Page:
THE government of Pakistan is taking climate change seriously, and so are other research and development organisations. A climate change ministry has been set up at the federal level along with a climate change national authority. In addition, a multi-sectoral national network on climate change has been established. It consists of a dozen scientific and research organisations, civil society groups and government departments.
The function of the network is to develop information exchange, hold forums for raising awareness (especially in the media) and dissemination of research material. In addition, there is the Pakistan Disaster Management Authority to deal with the many inevitable climate change-related disasters.
However, to deal with and prevent such disasters you also need effective line departments of which those of irrigation, local government, forest and roads are perhaps the most important. The 2010 floods in Sindh showed us that flooding was also manmade. Canals, barrages and headworks had not been de-silted, preventing the flow of water. Flood protection and canal embankments had not been maintained, and in many cases, the trees on them had been cut illegally and sold.
The drainage and water systems in Sindh flow north to south. Many new roads cut across them. While bridges have been built on the larger channels, roads usually block many of the smaller drainage channels making the disposal of water almost impossible. Between the mid ’80s and 2010, the floodplains of the rivers were occupied. These floodplains have been clearly demarcated and no construction of any permanent nature is permitted on them under the law. However entire settlements, complete with social and physical infrastructure, have been built on them over the years, often with the help of government agencies.
There’s an urgent need to improve line departments.
Another aspect that surfaced during the floods was the role of local government and community organisations. Where local government and line departments were better organised and community organisations existed, the management of prevention, relief and rehabilitation was organised more successfully than in areas where such linkages and groups did not exist.
All this points to the urgent need for improving the functioning of line departments; developing a third tier of local government and supporting it with technical advice and managerial guidance, very much along the lines proposed by the PTI. If this is done effectively, it will lead to the creation of empowered local communities and prevent powerful landlords from breaching canal and flood protection embankments to protect their lands, as, it is claimed, happened in 2010.
One of the major climate change-related concerns is the growing water shortage in Pakistan which experts feel is already at crisis level. This has led to the reopening of the Kalabagh dam issue and renewed pressure for the building of the Bhasha dam which might take more than 20 years to become operative. Some 92 to 95 per cent of all water in Pakistan is spent on agriculture. We practise flood irrigation where water is flooded into the fields. These fields are for the most part uneven as a result of which a very large volume of water is required to flood them.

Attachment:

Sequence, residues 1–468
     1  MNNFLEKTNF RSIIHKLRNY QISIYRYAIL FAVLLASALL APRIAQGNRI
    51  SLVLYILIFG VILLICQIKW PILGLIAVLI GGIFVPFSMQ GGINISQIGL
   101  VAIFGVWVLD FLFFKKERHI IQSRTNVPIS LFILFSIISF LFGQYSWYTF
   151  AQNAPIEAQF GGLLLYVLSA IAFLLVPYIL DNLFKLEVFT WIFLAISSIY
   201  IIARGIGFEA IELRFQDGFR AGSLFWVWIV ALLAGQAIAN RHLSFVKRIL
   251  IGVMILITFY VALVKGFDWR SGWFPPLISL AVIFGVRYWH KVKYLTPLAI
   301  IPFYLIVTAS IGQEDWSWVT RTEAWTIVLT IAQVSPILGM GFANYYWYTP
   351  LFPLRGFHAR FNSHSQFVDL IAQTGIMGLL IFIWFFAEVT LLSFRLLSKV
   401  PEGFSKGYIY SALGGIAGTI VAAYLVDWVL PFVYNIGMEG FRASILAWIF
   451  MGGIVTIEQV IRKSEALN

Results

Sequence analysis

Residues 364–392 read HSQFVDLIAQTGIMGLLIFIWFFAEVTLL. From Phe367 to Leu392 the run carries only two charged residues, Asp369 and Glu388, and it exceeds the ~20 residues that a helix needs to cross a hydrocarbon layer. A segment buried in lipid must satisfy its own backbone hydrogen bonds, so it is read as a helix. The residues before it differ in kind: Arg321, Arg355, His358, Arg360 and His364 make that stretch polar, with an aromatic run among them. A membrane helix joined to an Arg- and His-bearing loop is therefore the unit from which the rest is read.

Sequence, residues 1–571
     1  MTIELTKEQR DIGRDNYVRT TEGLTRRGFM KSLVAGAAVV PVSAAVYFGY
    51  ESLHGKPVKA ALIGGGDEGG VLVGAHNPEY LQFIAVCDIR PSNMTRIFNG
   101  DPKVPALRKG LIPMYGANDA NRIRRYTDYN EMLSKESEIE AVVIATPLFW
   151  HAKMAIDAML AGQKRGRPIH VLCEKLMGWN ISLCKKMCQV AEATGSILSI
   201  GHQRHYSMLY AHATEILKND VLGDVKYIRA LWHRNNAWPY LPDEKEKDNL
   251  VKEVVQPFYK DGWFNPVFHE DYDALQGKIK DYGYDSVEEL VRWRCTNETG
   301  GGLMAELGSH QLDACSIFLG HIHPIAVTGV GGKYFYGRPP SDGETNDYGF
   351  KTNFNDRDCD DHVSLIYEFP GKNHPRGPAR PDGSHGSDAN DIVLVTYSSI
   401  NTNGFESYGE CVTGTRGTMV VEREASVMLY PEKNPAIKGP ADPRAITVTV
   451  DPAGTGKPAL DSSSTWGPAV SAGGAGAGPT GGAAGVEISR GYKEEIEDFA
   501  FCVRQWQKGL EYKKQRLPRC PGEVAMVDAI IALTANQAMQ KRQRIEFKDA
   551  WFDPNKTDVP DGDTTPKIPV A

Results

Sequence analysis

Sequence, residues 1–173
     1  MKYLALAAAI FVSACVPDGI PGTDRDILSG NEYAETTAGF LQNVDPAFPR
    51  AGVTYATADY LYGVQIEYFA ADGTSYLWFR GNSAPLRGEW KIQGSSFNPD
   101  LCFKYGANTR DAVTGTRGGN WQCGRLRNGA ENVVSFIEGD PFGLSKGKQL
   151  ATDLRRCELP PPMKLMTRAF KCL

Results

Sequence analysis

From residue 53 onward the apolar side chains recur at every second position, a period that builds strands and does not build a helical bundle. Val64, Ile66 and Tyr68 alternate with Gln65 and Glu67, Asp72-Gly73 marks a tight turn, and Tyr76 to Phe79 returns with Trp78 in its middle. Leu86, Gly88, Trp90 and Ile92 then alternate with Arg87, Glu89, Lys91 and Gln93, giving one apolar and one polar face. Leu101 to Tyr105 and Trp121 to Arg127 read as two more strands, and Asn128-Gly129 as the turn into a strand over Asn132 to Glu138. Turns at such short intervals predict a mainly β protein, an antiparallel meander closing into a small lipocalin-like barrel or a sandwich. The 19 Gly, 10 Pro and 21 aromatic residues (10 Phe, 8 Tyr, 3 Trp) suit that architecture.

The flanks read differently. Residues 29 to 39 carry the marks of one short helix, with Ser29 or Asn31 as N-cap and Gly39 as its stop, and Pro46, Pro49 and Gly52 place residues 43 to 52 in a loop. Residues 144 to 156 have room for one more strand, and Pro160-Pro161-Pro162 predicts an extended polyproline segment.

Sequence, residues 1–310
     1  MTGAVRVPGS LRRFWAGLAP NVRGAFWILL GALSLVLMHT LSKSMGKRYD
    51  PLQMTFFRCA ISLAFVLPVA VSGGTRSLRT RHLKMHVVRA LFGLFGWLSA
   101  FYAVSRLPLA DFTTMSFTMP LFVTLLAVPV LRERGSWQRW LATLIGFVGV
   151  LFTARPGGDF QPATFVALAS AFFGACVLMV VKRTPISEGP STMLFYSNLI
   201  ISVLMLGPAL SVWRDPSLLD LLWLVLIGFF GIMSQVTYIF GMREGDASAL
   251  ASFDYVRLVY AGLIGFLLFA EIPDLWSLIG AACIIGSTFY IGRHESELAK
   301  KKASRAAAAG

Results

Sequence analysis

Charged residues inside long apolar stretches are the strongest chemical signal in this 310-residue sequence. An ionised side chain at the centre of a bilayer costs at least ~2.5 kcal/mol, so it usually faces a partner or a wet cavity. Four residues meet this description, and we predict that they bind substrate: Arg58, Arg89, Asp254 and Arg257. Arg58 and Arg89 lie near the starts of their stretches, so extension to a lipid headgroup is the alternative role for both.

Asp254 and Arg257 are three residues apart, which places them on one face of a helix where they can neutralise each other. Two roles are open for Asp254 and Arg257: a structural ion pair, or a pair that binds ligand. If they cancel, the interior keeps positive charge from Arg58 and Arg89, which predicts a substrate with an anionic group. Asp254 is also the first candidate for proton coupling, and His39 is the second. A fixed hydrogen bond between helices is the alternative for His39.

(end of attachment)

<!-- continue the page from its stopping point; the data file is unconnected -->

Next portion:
An important government land-levelling programme already exists, to use laser levellers attached to tractors to level agricultural land. The programme has been initiated both in Punjab and Sindh, and farmers who have levelled their field claim that, as a result, water usage has dropped by 20pc to 25pc. However, small landlords claim that the machines have disappeared and are now in the possession of powerful landowners. An added advantage of the levelling process is that fields can be made to slope towards the drainage systems thus not only saving water but improving drainage too.
Another government programme operative in both Sindh and Punjab is the lining of canals with brick and concrete to prevent seepage and hence loss of water. This again would save another 15pc to 20pc of water usage. Meanwhile, if farmers lined their water courses, additional saving of water could be achieved. Serious research and its extension are required on developing materials that can be used for quick and easy lining of water courses.
The laser levelling and canal lining programmes have not really taken off. It is important that they be expanded with immediate effect because for the time being they are a quicker and cheaper, and in the long run, a more effective means of tackling the water crisis than waiting for the completion of large dams.
Scientific research and the creation of new institutions around it is important. However, it cannot do much without local level O&M institutions which have long institutional memories. Making these institutions efficient and powerful should be a priority for the climate change agenda.
Published in Dawn, August 31st, 2018